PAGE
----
Sana Iqbal, the designer behind the identity of The World Transformed festival and the accompanying cover of Red Pepper, talks about the importance of good design
Angry about the #MuslimBan? Here are 5 things to do
As well as protesting against Trump we have a lot of work to get on with here in the UK. Here's a list started by Platform
Who owns our land?
Guy Shrubsole gives some tips for finding out
Don’t delay – ditch coal
Take action this month with the Coal Action Network. By Anne Harris
Utopia: Work less play more
A shorter working week would benefit everyone, writes Madeleine Ellis-Petersen
Mum’s Colombian mine protest comes to London
Anne Harris reports on one woman’s fight against a multinational coal giant
Bike courier Maggie Dewhurst takes on the gig economy… and wins
We spoke to Mags about why she’s ‘biting the hand that feeds her’
Utopia: Daring to dream
Imagining a better world is the first step towards creating one. Ruth Potts introduces our special utopian issue
A better Brexit
The left should not tail-end the establishment Bremoaners, argues Michael Calderbank
News from movements around the world
Compiled by James O’Nions
Podemos: In the Name of the People
'The emergence as a potential party of government is testament both to the richness of Spanish radical culture and the inventiveness of activists such as Errejón' - Jacob Mukherjee reviews Errejón and Mouffe's latest release
Survival Shake! – creative ways to resist the system
Social justice campaigner Sakina Sheikh describes a project to embolden young people through the arts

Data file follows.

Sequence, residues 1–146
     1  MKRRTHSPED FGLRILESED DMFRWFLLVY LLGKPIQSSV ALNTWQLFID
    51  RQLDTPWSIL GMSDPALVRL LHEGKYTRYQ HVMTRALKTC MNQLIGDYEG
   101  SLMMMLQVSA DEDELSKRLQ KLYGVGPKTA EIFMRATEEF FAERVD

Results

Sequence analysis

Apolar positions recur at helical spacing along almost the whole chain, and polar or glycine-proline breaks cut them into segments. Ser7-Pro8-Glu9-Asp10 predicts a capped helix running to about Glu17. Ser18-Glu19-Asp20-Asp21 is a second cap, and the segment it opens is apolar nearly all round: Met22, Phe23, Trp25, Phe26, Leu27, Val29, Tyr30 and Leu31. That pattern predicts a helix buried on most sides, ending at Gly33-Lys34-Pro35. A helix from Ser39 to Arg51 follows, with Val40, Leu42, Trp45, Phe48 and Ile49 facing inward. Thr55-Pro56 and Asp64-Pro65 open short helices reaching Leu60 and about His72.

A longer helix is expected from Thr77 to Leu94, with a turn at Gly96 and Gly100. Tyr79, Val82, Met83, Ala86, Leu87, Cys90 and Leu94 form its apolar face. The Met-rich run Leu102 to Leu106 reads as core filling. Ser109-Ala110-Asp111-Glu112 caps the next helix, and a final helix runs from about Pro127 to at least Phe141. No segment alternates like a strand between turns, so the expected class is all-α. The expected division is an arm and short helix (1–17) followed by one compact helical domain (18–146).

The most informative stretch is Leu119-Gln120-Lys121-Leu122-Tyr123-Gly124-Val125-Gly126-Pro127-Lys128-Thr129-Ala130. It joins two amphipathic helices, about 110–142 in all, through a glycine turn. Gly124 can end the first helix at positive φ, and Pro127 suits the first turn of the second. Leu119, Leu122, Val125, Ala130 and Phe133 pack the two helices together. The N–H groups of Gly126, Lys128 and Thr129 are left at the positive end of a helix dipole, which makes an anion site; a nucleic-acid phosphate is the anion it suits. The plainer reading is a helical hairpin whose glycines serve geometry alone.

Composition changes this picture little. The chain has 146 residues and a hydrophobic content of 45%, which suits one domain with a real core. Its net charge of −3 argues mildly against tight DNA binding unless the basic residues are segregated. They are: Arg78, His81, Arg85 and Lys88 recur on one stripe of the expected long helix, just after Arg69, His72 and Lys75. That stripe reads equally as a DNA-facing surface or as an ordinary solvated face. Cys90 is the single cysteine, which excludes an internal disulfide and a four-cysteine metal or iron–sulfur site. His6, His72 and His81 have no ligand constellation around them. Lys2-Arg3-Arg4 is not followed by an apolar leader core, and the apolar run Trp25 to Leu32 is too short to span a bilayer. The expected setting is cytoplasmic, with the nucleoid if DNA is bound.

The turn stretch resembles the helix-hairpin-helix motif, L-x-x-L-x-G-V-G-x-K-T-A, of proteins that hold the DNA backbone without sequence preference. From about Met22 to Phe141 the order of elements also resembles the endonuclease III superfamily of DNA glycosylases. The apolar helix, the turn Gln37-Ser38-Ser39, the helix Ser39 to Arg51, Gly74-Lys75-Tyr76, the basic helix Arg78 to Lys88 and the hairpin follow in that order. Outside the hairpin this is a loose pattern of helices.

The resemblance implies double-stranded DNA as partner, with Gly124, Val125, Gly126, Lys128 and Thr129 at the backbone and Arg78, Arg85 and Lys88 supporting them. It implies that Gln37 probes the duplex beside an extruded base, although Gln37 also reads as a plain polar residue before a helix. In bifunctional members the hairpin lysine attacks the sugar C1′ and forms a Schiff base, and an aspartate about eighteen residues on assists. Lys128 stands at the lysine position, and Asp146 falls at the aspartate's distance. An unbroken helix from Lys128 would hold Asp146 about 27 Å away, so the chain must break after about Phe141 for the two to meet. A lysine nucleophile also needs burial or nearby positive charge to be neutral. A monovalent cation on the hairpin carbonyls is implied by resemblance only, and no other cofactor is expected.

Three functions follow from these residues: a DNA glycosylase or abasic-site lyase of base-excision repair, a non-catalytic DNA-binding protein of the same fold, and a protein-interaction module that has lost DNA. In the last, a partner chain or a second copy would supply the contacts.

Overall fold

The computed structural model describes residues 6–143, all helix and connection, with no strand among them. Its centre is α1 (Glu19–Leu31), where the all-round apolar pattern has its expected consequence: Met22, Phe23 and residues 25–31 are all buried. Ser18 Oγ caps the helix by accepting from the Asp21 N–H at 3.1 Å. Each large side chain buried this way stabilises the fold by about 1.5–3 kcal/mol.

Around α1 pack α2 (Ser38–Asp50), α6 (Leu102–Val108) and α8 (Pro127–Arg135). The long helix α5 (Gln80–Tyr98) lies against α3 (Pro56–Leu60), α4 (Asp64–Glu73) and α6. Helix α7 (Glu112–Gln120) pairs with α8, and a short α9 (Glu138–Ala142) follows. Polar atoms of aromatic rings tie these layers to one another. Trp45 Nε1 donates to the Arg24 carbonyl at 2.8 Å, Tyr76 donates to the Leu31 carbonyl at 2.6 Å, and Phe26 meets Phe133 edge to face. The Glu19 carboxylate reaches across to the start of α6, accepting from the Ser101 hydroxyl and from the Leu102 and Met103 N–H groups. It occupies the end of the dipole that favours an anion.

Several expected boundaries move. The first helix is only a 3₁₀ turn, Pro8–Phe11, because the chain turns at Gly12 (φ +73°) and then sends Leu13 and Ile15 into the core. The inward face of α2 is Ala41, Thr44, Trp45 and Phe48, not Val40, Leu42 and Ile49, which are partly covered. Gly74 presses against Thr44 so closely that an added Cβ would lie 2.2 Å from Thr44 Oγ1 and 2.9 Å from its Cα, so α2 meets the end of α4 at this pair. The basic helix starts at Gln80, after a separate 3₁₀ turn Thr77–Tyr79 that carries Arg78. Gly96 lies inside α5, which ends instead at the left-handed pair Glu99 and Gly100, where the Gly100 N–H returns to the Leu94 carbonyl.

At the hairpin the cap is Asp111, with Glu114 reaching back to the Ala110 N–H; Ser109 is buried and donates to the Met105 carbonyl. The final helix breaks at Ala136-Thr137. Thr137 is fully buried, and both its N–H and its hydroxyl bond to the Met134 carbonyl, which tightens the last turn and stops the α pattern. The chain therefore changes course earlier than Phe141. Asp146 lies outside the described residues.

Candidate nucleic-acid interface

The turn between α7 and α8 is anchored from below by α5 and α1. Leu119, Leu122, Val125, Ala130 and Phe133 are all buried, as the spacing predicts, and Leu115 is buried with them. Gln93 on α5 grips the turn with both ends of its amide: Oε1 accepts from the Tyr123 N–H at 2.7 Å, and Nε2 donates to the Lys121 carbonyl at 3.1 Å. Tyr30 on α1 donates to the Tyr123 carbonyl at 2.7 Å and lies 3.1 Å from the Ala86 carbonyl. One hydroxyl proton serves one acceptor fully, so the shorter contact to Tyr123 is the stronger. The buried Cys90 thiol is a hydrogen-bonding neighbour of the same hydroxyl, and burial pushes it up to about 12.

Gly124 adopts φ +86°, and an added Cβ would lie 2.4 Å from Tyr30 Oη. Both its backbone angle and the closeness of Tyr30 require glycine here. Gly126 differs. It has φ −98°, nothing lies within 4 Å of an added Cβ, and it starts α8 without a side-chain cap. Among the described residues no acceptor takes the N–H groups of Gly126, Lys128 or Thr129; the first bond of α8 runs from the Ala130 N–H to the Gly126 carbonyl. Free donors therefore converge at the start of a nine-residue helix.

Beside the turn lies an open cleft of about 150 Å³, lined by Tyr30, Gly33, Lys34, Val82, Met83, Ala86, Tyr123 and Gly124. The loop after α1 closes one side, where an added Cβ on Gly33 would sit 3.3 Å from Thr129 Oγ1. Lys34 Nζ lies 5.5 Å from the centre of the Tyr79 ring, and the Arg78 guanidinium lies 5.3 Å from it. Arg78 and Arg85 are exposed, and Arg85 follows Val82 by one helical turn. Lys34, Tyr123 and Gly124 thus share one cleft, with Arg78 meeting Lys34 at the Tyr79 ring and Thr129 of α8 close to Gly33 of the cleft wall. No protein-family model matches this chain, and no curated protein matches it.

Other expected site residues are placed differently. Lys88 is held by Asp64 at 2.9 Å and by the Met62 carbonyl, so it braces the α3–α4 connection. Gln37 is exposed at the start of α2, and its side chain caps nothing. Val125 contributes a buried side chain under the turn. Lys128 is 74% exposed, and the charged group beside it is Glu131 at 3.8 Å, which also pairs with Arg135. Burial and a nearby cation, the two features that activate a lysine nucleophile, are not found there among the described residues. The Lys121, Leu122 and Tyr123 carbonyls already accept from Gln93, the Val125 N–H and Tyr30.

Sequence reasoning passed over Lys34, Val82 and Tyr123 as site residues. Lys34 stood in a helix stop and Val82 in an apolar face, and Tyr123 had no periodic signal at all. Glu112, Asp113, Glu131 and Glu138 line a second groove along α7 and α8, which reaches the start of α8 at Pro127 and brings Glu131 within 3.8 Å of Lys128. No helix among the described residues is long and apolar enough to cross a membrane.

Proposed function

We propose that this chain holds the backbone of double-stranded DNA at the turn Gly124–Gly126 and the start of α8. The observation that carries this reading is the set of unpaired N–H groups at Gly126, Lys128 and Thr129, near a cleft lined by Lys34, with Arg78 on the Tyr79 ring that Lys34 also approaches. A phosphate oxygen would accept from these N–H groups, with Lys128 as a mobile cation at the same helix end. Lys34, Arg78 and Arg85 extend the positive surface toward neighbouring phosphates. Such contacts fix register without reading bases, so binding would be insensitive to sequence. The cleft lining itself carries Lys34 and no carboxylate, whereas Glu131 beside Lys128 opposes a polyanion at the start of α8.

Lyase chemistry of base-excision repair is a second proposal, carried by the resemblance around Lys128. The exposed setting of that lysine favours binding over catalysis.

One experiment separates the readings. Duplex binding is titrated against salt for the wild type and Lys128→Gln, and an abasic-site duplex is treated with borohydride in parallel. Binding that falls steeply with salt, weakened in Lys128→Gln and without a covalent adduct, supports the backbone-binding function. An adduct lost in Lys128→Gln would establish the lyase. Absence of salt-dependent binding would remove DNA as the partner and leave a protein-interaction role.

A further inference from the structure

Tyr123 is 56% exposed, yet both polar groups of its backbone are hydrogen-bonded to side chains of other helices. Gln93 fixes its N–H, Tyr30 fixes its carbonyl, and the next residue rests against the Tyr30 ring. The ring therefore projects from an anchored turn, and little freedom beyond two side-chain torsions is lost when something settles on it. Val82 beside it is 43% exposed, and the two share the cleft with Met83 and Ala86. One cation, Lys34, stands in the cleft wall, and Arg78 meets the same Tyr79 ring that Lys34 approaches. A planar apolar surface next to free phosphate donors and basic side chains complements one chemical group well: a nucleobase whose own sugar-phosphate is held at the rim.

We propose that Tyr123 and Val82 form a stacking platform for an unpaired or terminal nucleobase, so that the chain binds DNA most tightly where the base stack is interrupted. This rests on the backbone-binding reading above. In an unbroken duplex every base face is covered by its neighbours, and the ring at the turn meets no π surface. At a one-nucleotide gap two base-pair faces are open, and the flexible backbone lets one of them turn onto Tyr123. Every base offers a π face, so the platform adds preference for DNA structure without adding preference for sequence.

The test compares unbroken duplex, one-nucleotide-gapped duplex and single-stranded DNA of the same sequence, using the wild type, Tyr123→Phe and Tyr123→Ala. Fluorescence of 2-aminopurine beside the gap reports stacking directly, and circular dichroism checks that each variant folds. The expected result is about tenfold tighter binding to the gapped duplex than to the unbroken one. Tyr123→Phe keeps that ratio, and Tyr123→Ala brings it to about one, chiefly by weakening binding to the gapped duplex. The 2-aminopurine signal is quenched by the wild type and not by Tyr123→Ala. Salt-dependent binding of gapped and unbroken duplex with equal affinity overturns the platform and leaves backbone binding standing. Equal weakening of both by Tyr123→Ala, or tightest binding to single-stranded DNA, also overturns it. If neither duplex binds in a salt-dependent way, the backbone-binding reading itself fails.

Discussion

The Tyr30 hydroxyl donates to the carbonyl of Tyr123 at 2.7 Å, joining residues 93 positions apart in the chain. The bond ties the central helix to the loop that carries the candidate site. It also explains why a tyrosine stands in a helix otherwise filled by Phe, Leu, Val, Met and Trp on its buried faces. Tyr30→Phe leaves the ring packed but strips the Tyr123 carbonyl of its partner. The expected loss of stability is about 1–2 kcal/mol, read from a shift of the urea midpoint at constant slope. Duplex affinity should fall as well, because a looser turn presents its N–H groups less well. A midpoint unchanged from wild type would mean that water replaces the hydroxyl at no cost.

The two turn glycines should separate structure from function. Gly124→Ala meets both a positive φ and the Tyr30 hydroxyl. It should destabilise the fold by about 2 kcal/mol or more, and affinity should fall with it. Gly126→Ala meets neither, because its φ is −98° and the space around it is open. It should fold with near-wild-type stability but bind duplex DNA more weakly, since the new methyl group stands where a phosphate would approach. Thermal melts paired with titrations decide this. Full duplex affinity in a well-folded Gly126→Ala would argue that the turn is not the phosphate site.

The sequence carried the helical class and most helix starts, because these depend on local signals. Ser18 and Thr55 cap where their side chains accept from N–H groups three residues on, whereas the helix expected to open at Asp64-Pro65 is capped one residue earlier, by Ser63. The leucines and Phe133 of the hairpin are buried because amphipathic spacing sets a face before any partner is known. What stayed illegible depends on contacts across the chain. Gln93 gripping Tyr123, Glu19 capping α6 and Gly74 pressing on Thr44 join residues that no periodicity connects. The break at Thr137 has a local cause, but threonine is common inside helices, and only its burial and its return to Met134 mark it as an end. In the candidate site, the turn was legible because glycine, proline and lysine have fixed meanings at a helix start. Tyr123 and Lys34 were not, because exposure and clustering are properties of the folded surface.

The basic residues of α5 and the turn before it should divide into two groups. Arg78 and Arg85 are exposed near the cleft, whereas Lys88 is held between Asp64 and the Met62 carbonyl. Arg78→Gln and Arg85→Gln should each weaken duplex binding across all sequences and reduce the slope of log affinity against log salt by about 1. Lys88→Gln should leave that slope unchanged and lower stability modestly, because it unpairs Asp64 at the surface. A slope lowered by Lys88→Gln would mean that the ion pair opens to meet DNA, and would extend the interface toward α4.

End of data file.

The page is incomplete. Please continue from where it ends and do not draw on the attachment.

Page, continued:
‘We don’t want to be an afterthought’: inside Momentum Kids
If Momentum is going to meet the challenge of being fully inclusive, a space must be provided for parents, mothers, carers, grandparents and children, write Jessie Hoskin and Natasha Josette
The Kurdish revolution – a report from Rojava
Peter Loo is supporting revolutionary social change in Northern Syria.
How to make your own media
Lorna Stephenson and Adam Cantwell-Corn on running a local media co-op
Book Review: The EU: an Obituary
Tim Holmes takes a look at John Gillingham's polemical history of the EU
Book Review: The End of Jewish Modernity
Author Daniel Lazar reviews Enzo Traverso's The End of Jewish Modernity
Lesbians and Gays Support the Migrants
Ida-Sofie Picard introduces Lesbians and Gays Support the Migrants – as told to Jenny Nelson
Book review: Angry White People: Coming Face to Face With the British Far-Right
Hilary Aked gets close up with the British far right in Hsiao-Hung Pai's latest release
University should not be a debt factory
Sheldon Ridley spoke to students taking part in their first national demonstration.
Book Review: The Day the Music Died – a Memoir
Sheila Rowbotham reviews the memoirs of BBC director and producer, Tony Garnett.
Power Games: A Political History
Malcolm Maclean reviews Jules Boykoff's Power Games: A Political History
Book Review: Sex, Needs and Queer Culture: from liberation to the post-gay
Aiming to re-evaluate the radicalism and efficacy of queer counterculture and rebellion - April Park takes us through David Alderson's new work.